Thursday, May 6, 2010


I commented previously that I can't get these recent events out of my head. I guess I shouldn't even be trying to, what with having to come to Big Decisions soon about the fate of the offenders. Oh, how I wish I could feel self-righteously smug about them now depending on the compassion and tolerance they so vehemently derided, but it's all so hollow, and it just makes me feel even more queasy than before. I've had tears running down my face for what seems like forever now; no time for choking sobs or fetal positions, just rushing back and forth across the compound, trying to shore up the defenses, tend to the wounded, all while the tears fall, eerily detached from any other expression of sadness.

Evans couldn't save her. None of us could, but of course it falls upon the doctor to pronounce her dead. No technology that exists in the world could have saved what was left of her, but her mom carried the too-small, too-bloody bundle to Evans nevertheless, unwilling to give up hope. Evans said little on the matter, as usual, but he looked very tired. "THIS is why you brought me here?" is probably what I would ask, were I him, but as I say, he keeps his thoughts to himself.

It's probably a small mercy that she was so far gone; I still don't exactly understand this whole zombie outbreak thing, how it started, how it spreads. I for one have not ruled out supernatural causes, but the truth is, I just plain lack sufficient knowledge of science, religion, or magic to figure out any real answers. Some people have had some rather cynical assessments of the responses of our fellow man in the time after the outbreak, but I still wonder if the Marauders weren't somewhat affected by whatever made the zombies, too, like it warped their minds somehow? I don't even know whether I want this to be true or not, because it would sort of excuse their actions, but if they're tainted, they might not be redeemable... Anyway, I know they're probably just scared, angry people who lack or suppress basic empathy, but I'm hesitant to rule out other answers. We may never know what really happened, but that doesn't mean we will stop trying to puzzle it out.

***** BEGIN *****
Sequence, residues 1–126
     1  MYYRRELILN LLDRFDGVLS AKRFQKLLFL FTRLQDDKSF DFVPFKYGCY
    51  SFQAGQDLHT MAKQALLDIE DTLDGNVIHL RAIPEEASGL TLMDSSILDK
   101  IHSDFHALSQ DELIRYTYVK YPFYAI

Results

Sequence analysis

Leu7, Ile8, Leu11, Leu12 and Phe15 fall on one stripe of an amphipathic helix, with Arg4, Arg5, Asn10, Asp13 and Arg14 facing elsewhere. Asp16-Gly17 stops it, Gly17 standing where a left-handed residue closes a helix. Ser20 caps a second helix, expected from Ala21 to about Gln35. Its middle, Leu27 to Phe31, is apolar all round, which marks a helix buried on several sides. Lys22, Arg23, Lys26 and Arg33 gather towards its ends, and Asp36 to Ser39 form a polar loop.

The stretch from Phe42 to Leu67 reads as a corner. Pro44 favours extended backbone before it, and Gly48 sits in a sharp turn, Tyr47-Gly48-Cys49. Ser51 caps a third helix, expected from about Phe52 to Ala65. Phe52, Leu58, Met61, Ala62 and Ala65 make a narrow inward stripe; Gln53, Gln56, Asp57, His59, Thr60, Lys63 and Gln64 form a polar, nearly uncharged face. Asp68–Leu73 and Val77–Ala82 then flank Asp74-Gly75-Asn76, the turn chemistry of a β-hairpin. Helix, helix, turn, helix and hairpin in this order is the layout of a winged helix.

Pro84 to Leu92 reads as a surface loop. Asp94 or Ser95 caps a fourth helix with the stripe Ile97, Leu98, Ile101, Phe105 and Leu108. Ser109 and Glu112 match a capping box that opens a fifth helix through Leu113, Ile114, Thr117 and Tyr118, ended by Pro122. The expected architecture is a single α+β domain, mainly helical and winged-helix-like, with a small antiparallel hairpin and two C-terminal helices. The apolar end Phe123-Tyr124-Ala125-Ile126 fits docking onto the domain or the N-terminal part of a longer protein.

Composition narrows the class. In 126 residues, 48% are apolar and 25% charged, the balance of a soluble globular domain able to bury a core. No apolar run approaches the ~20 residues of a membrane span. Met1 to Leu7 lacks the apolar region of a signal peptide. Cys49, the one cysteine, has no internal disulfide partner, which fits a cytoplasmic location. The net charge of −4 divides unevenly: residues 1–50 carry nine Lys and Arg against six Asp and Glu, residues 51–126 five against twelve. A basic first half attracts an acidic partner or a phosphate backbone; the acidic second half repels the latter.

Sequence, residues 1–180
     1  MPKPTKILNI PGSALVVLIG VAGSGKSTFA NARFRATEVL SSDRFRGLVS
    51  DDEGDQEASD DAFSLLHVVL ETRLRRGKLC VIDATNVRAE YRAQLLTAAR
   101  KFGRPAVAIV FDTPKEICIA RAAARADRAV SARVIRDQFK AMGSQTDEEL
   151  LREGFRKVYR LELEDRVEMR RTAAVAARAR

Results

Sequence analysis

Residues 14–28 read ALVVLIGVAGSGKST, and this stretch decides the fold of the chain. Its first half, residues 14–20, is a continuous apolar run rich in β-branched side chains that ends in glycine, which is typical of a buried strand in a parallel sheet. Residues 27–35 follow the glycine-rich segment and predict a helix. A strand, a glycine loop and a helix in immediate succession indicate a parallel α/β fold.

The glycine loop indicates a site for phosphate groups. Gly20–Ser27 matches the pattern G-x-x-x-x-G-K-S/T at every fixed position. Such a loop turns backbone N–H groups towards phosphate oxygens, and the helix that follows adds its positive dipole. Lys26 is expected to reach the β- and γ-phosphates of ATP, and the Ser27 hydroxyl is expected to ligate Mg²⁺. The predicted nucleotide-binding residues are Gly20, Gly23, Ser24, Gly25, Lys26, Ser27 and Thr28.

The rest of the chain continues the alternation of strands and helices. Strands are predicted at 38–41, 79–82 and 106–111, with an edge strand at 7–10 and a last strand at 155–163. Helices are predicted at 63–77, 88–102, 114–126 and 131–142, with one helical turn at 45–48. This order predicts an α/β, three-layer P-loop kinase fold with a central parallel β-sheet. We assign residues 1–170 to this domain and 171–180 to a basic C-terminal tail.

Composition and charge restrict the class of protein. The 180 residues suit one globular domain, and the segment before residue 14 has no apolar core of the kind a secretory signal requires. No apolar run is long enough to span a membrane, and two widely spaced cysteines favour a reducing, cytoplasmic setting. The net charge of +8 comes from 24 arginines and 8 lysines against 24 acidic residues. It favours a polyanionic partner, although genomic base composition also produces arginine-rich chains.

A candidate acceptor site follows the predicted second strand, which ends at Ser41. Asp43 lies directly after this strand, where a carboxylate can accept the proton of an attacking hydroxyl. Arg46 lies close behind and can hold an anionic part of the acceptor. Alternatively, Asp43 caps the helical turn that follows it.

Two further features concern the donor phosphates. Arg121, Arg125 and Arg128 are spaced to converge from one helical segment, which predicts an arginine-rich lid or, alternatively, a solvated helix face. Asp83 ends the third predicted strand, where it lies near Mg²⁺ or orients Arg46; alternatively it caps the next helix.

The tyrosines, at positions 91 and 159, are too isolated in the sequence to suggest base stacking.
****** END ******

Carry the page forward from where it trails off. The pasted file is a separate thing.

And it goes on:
Ah, yes, here we go, the horrible, sick feeling in my stomach is back. I managed to distract myself for a few minutes, but of course it didn't last. Screw it, why try to ignore it? Her name was Lindsey. Her dad died, protecting his family from zombies, of course, and she was all her mom had left. "Mommy says Daddy's in heaven now," she would dutifully repeat, but in a voice that sounded like she doubted whether a place like heaven could really exist with a world as messed up as this one. She loved purple, and butterflies, and peanut butter sandwiches with the crusts cut off. Everybody that knew her loved her, and I think she kept our debates more civil, because no one wanted to upset her by shouting and cussing. She would sing little songs about having too many kittens on a boat or frogs on a log or whatever other weird little kid songs there are. She and Steve played together more than once; kids love Steve because he will play whatever they want, and not tell them it's too silly. It was some game they made up where you run back and forth and pick up rocks and put them in a pile but try not to wake the scarecrow, because then you have to roll away? Steve tried to explain it, but I never quite figured it out. Now I guess I never will. If my beautiful sister Sarina is still alive, she'll be ten now, too. I miss her so much I feel like there's a hole in my heart, and having Lindsey around made it feel a little better. Lindsey was a beautiful little girl and a precious life and never did a single thing to possibly deserve a fate like this. If there is any consciousness in the universe that has mercy and the power to act upon it, Lindsey is with her Daddy again, and they are chasing butterflies together and very, very happy. For the rest of us, there is just that patched-up hole in our perimeter where our defenses should have been, and a gaping hole in our community where a little girl should have been. I don't know if it's possible to fix that one.

I want to punch the people that caused the disturbance, over and over again until they double over from the pain in THEIR gut. I want to scream at them, "MURDERER!" and see them shunned and condemned by the community they betrayed. But, I am not going to act on this. These are thoughts brought on by grief, and acting under these influences will surely lead to vengeance, but not justice. Lindsey didn't even like to hear us arguing; what darker deeds would we think to carry out in her name? Let us each mourn her passing in our own way, but let that be separate from whatever trials and sentencing may take place. Remember these are not even Marauders, these are people that until a few days ago shared chores, meals, music, laughter...and we have to think about intent. Who in the world that remotely counts as a sane individual would WANT a little girl to die? I am sure it was never their intention to harm such an obvious innocent. They are no doubt grieving, too.

And they should be.

1 comment:

  1. Sometimes I feel like we should erect a memorial wall for those who have died. But so many have died that it would be impossible to include them all. Maybe one for the people who have died here at the Compound? But that could get morbid pretty quickly, I suppose.

    Thank you for the post. It helps me to grieve, and to reclaim some small portion of my sanity.